SHAKESPEARE'S GARDENS, NEW PLACE
List Entry Summary
This garden or other land is registered under the Historic Buildings and Ancient Monuments Act 1953 within the Register of Historic Parks and Gardens by English Heritage for its special historic interest.
Name: SHAKESPEARE'S GARDENS, NEW PLACE
List entry Number: 1001192
The garden or other land may lie within the boundary of more than one authority.
District Type: District Authority
National Park: Not applicable to this List entry.
Date first registered: 01-Feb-1986
Date of most recent amendment: Not applicable to this List entry.
Legacy System Information
The contents of this record have been generated from a legacy data system.
Legacy System: Parks and Gardens
This list entry does not comprise part of an Asset Grouping. Asset Groupings are not part of the official record but are added later for information.
List entry Description
Summary of Garden
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Reasons for Designation
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Early C20 formal gardens designed by Ernest Law on the site of Shakespeare's last home and garden, with pleasure grounds designed by Law with advice from Ellen Willmott.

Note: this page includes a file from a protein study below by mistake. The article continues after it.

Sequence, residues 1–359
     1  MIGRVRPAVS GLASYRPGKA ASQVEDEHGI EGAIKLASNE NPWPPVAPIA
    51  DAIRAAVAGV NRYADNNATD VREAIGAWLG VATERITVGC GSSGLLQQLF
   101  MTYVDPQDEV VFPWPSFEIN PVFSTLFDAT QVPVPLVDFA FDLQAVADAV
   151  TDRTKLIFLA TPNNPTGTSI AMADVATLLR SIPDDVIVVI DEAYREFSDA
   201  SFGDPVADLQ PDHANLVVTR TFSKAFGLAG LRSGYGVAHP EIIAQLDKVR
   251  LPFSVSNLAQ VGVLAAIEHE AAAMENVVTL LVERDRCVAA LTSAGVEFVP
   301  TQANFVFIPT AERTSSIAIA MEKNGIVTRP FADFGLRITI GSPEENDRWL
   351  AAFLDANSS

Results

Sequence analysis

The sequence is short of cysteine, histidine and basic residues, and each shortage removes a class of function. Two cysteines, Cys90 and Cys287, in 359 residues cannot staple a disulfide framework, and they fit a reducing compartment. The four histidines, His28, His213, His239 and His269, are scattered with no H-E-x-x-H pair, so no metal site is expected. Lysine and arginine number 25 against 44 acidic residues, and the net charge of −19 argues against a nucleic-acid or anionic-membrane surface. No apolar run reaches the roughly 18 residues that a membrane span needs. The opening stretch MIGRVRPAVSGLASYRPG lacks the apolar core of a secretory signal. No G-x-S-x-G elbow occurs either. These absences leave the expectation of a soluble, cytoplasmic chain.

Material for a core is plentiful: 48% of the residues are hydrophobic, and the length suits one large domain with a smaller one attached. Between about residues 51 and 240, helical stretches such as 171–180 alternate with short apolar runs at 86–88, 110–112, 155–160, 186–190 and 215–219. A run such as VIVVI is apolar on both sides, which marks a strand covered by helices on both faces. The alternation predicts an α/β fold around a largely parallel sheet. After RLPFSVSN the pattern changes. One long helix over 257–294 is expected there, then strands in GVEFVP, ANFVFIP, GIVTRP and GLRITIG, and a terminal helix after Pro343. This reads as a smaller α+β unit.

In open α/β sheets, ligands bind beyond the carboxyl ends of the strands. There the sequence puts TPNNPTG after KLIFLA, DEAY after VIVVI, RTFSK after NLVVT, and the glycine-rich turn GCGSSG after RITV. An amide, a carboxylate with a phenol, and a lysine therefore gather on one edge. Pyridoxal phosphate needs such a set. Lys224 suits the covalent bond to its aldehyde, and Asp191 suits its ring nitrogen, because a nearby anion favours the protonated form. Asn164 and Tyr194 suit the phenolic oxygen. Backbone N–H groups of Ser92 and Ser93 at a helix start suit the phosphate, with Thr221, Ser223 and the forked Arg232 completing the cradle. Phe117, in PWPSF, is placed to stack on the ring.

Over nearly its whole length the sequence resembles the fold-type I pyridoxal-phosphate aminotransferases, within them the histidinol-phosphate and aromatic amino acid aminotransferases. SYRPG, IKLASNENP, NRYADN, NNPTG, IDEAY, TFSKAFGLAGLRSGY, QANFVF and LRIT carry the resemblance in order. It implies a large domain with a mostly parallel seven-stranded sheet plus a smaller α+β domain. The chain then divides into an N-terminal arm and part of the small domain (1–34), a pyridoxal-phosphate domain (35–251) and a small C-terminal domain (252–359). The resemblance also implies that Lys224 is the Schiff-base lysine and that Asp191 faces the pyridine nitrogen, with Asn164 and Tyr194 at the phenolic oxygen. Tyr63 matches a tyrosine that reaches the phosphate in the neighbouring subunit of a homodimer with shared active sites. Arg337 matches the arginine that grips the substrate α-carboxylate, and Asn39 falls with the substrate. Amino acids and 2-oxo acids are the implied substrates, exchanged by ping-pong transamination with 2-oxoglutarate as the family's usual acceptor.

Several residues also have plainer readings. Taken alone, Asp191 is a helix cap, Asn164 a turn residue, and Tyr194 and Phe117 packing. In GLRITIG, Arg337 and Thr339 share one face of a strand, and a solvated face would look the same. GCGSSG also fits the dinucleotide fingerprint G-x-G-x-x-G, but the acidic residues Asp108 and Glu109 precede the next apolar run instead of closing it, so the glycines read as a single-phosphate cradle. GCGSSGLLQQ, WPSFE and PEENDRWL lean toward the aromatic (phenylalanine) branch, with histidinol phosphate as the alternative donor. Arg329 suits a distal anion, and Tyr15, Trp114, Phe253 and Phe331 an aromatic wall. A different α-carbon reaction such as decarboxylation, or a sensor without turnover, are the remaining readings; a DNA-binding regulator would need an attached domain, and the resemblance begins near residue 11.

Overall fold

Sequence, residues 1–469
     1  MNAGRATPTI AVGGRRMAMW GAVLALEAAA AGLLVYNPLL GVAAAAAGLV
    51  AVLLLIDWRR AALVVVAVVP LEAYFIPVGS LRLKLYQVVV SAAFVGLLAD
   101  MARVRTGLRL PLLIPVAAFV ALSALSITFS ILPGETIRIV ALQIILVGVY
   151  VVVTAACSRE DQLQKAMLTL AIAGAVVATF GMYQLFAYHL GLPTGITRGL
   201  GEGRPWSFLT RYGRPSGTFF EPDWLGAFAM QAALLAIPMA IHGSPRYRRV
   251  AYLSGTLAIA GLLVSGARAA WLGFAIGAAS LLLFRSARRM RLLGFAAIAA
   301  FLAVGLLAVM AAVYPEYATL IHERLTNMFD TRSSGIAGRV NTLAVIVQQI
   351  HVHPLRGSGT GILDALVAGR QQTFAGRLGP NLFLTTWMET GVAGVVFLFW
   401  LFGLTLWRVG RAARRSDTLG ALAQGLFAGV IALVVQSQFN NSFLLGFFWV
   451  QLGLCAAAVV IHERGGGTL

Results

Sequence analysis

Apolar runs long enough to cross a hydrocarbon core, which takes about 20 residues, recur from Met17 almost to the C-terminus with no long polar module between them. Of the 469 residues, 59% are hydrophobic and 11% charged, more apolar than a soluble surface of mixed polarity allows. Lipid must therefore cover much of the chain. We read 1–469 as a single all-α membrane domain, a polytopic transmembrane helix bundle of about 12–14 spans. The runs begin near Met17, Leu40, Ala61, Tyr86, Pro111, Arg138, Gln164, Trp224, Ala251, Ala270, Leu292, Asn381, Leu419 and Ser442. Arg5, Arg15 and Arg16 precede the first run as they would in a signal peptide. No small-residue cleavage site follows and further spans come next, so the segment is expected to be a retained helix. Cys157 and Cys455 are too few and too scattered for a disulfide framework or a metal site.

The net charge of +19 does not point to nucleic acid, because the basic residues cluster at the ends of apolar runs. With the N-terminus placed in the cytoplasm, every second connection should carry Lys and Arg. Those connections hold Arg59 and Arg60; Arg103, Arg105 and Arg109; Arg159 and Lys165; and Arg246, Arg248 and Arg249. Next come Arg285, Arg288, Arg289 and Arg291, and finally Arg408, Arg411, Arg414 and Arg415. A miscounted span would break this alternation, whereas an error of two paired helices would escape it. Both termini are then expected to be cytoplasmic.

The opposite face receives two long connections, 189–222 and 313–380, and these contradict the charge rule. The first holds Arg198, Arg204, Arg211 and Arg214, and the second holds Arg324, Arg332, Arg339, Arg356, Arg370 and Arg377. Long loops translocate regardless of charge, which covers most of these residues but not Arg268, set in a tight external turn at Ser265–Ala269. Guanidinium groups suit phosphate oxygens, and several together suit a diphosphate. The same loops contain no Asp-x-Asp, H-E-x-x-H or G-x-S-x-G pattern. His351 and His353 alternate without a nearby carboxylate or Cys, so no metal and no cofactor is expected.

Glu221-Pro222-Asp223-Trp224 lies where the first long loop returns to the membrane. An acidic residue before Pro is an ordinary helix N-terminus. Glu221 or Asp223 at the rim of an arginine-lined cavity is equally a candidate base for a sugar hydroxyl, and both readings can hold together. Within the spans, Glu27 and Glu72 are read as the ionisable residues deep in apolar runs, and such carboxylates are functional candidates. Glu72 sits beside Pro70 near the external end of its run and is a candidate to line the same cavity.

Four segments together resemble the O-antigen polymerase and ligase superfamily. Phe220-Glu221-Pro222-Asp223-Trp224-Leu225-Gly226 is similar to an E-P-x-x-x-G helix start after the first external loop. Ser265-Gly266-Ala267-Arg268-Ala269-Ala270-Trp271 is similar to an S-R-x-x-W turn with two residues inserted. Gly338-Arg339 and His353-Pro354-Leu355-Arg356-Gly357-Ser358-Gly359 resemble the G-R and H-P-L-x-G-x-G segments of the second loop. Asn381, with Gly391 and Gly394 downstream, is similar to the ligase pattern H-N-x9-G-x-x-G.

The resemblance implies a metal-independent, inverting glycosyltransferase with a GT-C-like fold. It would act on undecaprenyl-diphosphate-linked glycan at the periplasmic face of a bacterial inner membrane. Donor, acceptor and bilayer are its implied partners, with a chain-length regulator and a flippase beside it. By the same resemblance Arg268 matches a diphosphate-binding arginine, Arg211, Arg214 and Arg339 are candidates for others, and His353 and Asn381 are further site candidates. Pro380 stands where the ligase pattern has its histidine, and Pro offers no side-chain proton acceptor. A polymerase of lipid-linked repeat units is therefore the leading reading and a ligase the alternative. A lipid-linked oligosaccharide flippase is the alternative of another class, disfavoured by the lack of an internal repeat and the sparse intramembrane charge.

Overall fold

In the late C15 Hugh Clopton, who had made a fortune as a mercer in London, and who in 1492 had served as Lord Mayor, built a large house in Stratford, adjacent to the Chapel of the Guild of the Holy Cross which he had endowed. Leland commented c 1540 that New Place was a 'pretty house built of brick and timber' (Chandler 1993). Sir Hugh's family continued to own New Place in the early C16, but by 1545 it had been let to Thomas Bentley, physician to Henry VIII. The site of the Great Garden, which until 1544 belonged to Pinley Priory, was added to the Clopton property in the mid C16. Bentley died in 1548 and was succeeded by Alderman William Bott, who bought the property when William Clopton was forced to sell in order to settle bequests under his father's will (Halliwell-Phillips 1864). Bott sold the house in 1567 to William Underhill, a noted Catholic recusant, who in turn sold the property to William Shakespeare in 1597. The house was in 'great ruyne and decay and unrepayred', and extensive work was undertaken in 1597 (Fogg 1986). Shakespeare's wife lived at New Place from its purchase, and the poet himself lived there permanently from 1610 until his death in 1616. As his only son, Hamnet, had died in 1596, Shakespeare entailed the property through his daughter, Susanna Hall. Susanna lived at New Place until her death in 1649, having entertained Queen Henrietta Maria there in 1643. Susanna Hall's daughter, Elizabeth, was married to Thomas Nash, who owned neighbouring property from c 1630. In 1649 she married as her second husband John Barnard, who was knighted at the Restoration. Lady Barnard, the last of Shakespeare's heirs, died in 1670, and New Place was sold first to Sir Edward Walker before passing back to the Clopton family. Extensive alterations were made for Sir Hugh Clopton in the early C18, but in 1753 the property was sold to the Rev Francis Gastrell, a canon residentiary of Lichfield Cathedral. Under Sir Hugh Clopton, New Place had been opened to visitors, including David Garrick who visited in 1744. Canon Gastrell, however, resenting such intrusions, felled a mulberry said to have been planted by Shakespeare in 1756 and in 1759, as the result of a dispute with the Corporation over poor rates, demolished the house. The site passed through various hands in the late C18 and C19, with some building taking place on the Great Garden, including, in 1827, the Royal Shakespearean Theatre which was designed by Mr Chantry of London. In 1861 J O Halliwell-Phillips raised a public subscription to purchase the adjacent Nash's House and the grounds of New Place, which were vested in the Corporation of Stratford. Some clearance took place in 1862 and the Royal Shakespearean Theatre, by now an assembly room, was demolished in 1872. Simple pleasure grounds were then laid out on the site and the property was transferred to the Shakespeare Birthplace Trust in 1884. By 1910 the Trustees were concerned that Nash's House was not attracting visitors, and a comprehensive restoration scheme was implemented under the architects Guy Dawber and Guy Pemberton. At the same time schemes for remodelling the gardens in a more appropriately 'Tudor' style were considered, but the outbreak of war in 1914 caused the project to be deferred. In 1918 Ernest Law (1854-1930), one of the Birthplace Trustees and a London barrister, submitted designs for a sunken garden similar to those which he designed at Hampton Court Palace (qv), Esher Place, Surrey and Brompton Hospital Sanatorium, Frimley, Surrey (DNB). Law's scheme was implemented in 1919-20, while Ellen Willmott (1858-1934) advised the Trustees on the planting of the wilderness bank in the Great Garden in the early 1920s. Today (2000) the site of New Place, the early C20 Knot Garden and the site of the Great Garden remain the property of the Shakespeare Birthplace Trust.